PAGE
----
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Introduction to Feature Controls

Feature Controls are new additions to Windows Internet Explorer in Windows XP Service Pack 2 (SP2). A Feature Control enables administrators and developers to turn certain security restrictions on or off. Administrators can use group policy to enable or disable feature controls, and developers can enable or disable feature controls using the CoInternetSetFeatureEnabled function and related APIs.

This article contains the following topics.

  • Feature Control Overview
    • New for Windows Internet Explorer 7
  • Enabling and Disabling Features
    • Feature Control Functions
    • Feature Control Keys in the Registry
  • URL Actions
  • Related topics

Feature Control Overview

When a feature control is enabled for a process, the more restrictive behaviors governed by the feature are enforced. When a feature control is not enabled, the less restrictive behaviors are allowed. Some Feature Controls work in conjunction with URL actions and policies. In that case, when the Feature Control is enabled, the URL action determines the behavior of the browser.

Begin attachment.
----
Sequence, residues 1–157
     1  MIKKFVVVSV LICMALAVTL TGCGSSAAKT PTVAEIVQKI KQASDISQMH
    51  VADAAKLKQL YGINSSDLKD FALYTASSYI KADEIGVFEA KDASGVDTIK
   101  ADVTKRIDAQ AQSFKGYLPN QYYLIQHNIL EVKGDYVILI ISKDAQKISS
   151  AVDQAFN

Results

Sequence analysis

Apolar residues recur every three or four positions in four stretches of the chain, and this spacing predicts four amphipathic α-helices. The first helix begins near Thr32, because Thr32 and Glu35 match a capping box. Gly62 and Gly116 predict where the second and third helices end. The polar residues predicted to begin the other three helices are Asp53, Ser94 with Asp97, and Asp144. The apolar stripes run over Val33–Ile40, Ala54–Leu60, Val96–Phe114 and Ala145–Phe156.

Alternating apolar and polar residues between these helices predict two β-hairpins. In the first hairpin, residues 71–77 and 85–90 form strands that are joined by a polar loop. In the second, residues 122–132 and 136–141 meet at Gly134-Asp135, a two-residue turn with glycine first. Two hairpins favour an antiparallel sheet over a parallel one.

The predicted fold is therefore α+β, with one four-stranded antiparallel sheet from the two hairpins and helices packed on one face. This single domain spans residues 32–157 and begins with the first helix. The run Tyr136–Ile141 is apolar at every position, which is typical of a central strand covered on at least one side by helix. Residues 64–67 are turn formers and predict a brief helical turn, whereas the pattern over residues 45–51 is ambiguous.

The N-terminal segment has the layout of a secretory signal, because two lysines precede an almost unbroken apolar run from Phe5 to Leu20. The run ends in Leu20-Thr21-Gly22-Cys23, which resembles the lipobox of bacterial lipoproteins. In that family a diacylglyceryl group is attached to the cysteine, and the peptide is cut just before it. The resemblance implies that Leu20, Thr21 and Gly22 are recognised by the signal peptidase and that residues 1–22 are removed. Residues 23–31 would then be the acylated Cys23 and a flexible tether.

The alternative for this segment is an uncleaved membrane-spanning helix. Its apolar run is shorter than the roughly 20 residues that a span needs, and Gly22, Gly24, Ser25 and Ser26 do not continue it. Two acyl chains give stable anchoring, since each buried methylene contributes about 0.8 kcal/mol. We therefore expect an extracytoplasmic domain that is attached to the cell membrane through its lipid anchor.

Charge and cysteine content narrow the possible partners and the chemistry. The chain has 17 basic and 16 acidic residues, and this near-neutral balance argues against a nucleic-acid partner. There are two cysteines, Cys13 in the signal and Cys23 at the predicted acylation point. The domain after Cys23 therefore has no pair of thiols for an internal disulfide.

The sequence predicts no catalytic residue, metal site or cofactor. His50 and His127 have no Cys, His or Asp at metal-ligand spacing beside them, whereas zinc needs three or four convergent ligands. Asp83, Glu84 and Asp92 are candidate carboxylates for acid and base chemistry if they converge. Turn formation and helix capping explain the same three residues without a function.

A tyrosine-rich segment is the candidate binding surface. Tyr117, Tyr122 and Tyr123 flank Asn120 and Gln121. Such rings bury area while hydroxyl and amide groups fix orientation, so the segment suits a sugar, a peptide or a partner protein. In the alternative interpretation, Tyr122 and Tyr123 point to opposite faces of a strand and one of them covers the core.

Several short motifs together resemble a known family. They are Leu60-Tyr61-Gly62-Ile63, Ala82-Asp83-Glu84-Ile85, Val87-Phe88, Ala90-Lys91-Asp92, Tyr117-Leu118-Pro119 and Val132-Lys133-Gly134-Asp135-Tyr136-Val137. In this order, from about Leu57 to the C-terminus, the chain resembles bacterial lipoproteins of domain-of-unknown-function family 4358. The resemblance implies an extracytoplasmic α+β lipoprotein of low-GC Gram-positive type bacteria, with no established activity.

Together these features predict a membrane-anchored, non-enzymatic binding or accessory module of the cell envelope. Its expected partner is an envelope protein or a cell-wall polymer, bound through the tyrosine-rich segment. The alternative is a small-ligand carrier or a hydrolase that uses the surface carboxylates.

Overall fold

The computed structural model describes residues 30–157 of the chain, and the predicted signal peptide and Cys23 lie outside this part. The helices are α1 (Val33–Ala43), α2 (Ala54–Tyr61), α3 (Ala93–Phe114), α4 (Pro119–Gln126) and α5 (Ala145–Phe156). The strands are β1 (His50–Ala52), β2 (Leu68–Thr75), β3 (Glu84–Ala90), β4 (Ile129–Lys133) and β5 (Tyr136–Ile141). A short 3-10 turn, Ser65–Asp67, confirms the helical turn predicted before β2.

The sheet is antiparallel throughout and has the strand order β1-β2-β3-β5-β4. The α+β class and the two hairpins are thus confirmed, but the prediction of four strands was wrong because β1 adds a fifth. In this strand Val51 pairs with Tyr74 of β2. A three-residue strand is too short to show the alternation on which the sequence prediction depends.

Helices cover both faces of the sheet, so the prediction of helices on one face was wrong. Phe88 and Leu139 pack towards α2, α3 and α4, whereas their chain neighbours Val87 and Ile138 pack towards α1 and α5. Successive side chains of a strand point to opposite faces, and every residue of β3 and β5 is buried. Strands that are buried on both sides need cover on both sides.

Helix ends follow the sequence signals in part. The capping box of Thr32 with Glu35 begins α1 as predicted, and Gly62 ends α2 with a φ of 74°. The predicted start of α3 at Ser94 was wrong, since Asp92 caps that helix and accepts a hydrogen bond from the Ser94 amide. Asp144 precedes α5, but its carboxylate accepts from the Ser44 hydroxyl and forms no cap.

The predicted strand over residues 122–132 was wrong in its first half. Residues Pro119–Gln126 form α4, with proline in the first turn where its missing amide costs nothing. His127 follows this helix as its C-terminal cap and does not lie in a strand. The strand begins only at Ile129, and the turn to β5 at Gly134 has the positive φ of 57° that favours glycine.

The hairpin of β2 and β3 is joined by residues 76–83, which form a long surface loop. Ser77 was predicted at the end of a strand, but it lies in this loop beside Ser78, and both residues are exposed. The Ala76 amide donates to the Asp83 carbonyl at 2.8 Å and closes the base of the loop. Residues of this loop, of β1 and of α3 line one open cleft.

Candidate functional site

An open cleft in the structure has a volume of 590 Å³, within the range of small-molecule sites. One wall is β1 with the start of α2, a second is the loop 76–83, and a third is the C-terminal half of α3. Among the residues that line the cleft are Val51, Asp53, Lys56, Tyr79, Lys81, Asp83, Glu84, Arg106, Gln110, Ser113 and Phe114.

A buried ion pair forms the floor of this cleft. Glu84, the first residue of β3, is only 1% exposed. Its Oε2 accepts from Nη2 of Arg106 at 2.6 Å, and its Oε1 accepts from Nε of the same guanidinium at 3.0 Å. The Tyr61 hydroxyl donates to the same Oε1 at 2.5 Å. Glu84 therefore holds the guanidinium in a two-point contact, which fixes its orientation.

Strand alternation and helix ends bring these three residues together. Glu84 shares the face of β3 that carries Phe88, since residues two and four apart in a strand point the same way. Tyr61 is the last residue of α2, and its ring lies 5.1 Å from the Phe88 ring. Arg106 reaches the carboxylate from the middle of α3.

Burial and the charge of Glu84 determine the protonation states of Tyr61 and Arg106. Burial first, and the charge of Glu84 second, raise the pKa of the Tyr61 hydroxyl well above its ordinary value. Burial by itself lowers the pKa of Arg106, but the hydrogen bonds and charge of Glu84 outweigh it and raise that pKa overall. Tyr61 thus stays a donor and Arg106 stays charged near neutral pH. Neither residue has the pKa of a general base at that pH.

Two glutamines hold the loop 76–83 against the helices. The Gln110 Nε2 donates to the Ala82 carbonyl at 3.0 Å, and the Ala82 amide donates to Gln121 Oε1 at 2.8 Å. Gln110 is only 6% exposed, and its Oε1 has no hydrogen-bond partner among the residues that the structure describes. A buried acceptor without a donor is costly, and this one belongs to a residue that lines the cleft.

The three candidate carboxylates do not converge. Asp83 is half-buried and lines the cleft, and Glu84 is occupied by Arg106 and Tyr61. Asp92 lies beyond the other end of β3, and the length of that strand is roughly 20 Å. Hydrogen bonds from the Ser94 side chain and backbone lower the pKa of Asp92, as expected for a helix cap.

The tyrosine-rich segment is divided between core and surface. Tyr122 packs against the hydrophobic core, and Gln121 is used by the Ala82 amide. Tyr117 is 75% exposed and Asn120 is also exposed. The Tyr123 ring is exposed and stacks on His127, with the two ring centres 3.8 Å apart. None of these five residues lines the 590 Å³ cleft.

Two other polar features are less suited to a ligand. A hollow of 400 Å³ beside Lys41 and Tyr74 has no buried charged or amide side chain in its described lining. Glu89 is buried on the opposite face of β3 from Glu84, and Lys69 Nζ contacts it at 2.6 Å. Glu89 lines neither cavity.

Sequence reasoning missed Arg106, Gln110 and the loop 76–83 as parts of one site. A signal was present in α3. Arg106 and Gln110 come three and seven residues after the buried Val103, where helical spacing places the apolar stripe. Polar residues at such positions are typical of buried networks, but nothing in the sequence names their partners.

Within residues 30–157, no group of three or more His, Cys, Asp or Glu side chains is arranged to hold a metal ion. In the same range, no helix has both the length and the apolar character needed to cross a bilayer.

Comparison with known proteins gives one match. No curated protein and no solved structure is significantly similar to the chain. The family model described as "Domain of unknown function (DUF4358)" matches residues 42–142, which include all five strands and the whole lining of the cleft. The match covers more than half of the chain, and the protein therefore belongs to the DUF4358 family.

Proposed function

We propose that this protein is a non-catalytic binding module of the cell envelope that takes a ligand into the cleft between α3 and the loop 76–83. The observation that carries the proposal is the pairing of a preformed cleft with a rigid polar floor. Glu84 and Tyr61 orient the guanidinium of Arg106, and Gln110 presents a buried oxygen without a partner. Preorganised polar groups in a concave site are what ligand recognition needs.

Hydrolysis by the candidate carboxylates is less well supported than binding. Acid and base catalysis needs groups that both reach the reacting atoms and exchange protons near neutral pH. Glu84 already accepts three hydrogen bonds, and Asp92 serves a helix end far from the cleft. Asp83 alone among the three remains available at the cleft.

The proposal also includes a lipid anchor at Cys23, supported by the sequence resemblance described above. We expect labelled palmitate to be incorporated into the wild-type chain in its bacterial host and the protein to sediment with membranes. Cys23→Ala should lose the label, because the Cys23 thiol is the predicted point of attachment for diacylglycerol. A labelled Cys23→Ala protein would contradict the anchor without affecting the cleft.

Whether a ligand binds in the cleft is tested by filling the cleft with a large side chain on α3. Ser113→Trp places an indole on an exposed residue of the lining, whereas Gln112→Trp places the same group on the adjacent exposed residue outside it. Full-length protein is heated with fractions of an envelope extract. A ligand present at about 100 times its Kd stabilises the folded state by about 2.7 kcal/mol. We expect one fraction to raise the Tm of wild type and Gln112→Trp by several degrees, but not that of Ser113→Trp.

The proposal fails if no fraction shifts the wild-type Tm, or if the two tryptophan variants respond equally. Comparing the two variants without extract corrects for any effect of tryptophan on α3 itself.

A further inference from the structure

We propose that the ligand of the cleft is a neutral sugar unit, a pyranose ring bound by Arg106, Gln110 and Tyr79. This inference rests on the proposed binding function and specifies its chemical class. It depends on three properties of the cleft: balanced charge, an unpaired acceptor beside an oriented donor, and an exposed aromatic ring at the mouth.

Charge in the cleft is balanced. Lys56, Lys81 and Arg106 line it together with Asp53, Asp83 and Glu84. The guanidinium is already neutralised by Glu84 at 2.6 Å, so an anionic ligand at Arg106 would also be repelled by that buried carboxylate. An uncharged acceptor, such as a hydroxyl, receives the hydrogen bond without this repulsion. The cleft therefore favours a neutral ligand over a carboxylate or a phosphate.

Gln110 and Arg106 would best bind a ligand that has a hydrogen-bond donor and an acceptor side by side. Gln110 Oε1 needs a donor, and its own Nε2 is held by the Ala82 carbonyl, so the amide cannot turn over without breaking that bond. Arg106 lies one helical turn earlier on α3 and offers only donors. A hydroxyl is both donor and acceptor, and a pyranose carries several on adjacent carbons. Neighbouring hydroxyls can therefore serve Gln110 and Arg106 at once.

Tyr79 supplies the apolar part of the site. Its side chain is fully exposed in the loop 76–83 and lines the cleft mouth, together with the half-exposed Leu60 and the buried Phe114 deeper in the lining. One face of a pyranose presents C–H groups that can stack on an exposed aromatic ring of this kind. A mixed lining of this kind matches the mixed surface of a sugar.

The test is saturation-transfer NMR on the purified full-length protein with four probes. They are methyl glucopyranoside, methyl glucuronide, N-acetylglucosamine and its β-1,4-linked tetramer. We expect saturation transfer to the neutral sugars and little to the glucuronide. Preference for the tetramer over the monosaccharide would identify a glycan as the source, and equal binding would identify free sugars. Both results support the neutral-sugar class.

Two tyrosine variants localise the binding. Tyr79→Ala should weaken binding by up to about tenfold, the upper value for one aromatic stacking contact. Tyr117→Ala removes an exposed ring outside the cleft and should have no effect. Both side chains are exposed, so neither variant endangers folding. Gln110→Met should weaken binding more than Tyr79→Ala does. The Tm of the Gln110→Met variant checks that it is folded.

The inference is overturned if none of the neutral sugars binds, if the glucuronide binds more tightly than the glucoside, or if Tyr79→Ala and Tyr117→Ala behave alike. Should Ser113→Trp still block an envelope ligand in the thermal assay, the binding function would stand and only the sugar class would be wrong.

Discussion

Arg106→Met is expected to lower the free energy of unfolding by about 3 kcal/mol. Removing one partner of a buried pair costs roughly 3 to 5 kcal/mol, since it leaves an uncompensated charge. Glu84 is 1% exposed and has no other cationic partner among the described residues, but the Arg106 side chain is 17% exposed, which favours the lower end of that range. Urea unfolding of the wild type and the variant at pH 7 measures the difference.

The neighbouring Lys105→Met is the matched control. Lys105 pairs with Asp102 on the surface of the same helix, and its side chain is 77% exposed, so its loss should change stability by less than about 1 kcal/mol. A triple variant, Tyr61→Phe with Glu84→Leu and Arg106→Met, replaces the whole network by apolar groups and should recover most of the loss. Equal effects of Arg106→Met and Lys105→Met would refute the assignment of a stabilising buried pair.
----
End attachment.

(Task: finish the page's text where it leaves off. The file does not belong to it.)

Some feature controls can be turned on or off for a specific security zone, and some feature controls apply to any page regardless of zone. (For more information on security zones, see About URL Security Zones). Feature Controls work on a process-by-process basis, so developers hosting the WebBrowser Control can enable or disable security features for the current process without affecting other processes (including Internet Explorer itself). The policies for URL actions are set across all processes.

Administrators can set Feature Controls using group policy. For more information, see Internet Explorer Maintenance Policy.

Windows XP SP2 adds the following feature controls:

Object Caching (FEATURE_OBJECT_CACHING) - This control blocks access to objects instantiated and cached from a different security context than the current page.

Zone Elevation (FEATURE_ZONE_ELEVATION) - This control prevents navigation to a page in the Trusted Sites or My Computer zone if the current page is not already in that zone.